By 2025, the total global worth of IoT could be as much as $6.2 trillion, according to Intel. Most of that value comes from health care devices ($2.5 trillion) and manufacturing ($2.3 trillion). IoT delivers the intelligence an organization needs not only to sustain operational excellence, but also to transform the business according to shifting industry trends and customer expectations.
Businesses that fail to invest in IoT will likely meet the same fate as those who’ve failed to adapt in the past — they’ll risk becoming defunct.
Myth #3: There is no way to measure ROI without IoT.
Some people believe that since IoT is about data aggregation and analysis, there’s no concrete, measurable return on investment (ROI) after implementing IoT. This is false.
IoT transforms organizations by helping them optimize operations. Before the advent of IoT for field service, companies simply hoped that machinery wouldn’t break down, or implemented scheduled maintenance routines to prevent catastrophic failure. When failures did occur, they caused operational downtime and safety risks and wasted resources. Each of these outcomes directly correlated to lost revenue: Downtime causes interruptions in production, wasted resources result in lost margin, and safety risks equate to higher insurance costs and lower employee satisfaction.
IoT offers a way to increase control over operations, which directly contributes to improved margin. IoT offers full insight into operations and into an organization’s most critical assets, which enables analysts to identify areas of improvement, more effectively streamline processes, and enhance overall operational efficiency. Efficiency is a significant contributor to the bottom line: When a business runs more efficiently, it runs more cost-effectively and with higher profitability.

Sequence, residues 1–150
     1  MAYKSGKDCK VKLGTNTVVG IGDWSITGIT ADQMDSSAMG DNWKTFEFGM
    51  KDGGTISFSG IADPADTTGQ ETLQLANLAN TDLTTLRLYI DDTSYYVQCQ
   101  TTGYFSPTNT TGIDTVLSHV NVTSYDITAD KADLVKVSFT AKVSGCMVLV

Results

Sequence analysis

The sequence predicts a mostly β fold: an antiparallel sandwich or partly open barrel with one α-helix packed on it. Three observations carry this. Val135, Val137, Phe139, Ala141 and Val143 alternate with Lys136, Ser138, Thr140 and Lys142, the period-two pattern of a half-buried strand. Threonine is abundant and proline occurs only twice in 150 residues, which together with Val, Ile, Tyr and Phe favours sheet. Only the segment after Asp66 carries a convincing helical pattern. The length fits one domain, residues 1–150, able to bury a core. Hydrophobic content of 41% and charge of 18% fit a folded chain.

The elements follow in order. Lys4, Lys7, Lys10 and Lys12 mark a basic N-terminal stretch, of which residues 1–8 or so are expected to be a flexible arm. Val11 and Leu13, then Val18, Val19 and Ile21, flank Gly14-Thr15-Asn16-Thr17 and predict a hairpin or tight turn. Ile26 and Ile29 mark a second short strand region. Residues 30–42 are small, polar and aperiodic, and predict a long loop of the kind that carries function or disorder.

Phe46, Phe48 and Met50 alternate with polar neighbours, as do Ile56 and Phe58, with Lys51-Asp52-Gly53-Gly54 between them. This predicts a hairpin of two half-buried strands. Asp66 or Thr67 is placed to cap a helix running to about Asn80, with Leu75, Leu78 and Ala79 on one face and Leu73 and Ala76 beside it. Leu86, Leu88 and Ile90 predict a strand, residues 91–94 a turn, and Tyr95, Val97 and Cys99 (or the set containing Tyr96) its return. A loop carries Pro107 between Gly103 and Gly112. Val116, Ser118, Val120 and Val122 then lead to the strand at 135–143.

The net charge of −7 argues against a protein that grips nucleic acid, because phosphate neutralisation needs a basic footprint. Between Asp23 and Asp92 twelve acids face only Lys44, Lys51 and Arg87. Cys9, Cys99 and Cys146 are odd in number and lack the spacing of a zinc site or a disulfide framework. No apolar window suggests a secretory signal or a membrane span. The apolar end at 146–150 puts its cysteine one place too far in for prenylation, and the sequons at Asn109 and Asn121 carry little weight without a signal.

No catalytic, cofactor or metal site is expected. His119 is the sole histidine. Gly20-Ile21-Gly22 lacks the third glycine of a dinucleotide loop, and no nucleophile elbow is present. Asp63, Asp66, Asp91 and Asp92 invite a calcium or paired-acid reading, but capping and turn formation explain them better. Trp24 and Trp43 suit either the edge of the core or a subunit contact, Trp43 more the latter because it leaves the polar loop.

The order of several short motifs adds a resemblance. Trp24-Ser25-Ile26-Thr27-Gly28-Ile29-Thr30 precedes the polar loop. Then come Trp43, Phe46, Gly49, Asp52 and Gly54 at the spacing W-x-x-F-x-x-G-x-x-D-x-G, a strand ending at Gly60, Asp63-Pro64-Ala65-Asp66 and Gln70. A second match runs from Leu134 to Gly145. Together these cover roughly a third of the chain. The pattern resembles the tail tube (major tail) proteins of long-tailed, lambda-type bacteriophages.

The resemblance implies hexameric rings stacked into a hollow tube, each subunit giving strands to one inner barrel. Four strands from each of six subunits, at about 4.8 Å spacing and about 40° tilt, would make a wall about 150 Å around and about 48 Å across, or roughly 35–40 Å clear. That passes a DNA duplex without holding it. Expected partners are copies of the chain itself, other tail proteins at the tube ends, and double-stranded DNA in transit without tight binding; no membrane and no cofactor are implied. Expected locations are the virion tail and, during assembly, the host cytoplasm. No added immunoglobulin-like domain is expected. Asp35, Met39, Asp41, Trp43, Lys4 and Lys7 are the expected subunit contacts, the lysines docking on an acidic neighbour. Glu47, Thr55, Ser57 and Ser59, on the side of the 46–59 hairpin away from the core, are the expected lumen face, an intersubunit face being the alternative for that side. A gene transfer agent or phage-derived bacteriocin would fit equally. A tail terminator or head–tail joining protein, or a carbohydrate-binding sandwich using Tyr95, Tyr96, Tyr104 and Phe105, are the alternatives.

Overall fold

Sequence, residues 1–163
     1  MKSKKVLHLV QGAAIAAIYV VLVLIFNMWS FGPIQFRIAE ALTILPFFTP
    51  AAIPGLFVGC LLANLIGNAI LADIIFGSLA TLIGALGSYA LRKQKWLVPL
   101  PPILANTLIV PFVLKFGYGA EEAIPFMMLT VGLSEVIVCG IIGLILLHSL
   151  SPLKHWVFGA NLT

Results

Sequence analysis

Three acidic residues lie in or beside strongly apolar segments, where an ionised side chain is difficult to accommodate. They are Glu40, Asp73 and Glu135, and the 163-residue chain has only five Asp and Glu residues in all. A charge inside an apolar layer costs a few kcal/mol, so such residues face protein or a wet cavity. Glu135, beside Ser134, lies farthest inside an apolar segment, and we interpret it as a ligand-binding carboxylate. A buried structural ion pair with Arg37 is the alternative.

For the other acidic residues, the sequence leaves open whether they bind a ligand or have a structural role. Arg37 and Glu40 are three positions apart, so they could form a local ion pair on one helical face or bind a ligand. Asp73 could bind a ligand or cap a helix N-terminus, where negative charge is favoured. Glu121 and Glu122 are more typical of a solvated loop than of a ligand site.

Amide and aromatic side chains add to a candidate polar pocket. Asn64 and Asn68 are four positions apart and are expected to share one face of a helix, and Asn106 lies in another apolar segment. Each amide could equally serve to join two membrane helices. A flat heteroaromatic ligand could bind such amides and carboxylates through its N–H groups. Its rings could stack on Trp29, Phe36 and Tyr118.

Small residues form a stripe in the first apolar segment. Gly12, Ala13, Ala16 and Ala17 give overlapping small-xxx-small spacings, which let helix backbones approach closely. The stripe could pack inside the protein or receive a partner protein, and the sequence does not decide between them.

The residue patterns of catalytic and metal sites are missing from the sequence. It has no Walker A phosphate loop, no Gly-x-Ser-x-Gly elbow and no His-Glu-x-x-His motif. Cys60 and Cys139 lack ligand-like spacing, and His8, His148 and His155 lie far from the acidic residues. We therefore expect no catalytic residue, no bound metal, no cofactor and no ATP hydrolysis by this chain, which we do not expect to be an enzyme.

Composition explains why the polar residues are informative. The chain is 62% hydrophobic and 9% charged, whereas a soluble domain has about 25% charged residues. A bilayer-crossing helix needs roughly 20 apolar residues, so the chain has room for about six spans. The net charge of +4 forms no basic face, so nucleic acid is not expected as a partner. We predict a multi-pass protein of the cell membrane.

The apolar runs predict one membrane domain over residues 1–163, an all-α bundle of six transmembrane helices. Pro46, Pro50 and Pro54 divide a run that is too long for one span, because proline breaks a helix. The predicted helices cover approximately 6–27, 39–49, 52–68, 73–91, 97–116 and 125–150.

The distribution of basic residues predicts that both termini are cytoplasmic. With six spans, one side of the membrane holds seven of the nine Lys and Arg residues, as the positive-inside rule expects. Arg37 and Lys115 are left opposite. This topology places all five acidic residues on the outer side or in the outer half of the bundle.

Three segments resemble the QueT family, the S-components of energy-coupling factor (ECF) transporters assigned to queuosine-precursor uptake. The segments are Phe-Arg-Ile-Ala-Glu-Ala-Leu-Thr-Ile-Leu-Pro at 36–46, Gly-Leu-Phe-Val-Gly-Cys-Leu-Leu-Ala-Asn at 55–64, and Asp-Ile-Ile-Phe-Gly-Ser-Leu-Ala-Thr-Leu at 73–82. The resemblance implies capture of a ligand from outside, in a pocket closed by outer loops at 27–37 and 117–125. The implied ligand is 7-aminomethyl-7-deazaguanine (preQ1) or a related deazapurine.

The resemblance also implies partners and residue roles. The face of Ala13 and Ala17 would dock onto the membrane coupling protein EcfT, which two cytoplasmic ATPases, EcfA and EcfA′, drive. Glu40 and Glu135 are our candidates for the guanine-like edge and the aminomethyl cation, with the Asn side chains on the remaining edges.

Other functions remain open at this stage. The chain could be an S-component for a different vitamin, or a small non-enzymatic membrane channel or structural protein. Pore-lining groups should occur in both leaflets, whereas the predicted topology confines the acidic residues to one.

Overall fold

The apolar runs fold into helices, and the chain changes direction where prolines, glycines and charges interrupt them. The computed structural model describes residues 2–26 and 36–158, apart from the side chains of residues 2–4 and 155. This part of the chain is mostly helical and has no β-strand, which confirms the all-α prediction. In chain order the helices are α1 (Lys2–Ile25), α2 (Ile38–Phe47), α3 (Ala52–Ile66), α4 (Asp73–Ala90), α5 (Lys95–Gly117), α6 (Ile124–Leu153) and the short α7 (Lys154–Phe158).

Myth #4: “IoT is plug-and-play — we can implement it on our own.”
An IoT implementation — whether prototype or full scale — should receive expert support. An experienced IoT solution provider has the knowledge, resources, and industry partners required to steer an IoT for field service project to a successful conclusion. A qualified provider knows which devices to use, how to collect data, which pitfalls to avoid, the tools and people required at each stage of the project, and how to leverage data with machine learning processes.
If your IoT implementation isn’t handled by an expert, you run the risk of installation failure, adoption failure, a lack of departmental collaboration, and a longer, more expensive project.
Implementing an IoT strategy is a critical next step for any field service organization looking to evolve in the digital age. So it is essential an IoT provider with the industry, technical, and functional experience to ensure a successful deployment tailored to your organization’s budget, timeline, and resources.
Don’t miss out on the crucial collaboration, data organization, and data analysis opportunities an experienced IoT partner provides — reach out to the team of professionals at Hitachi Solutions to get started today.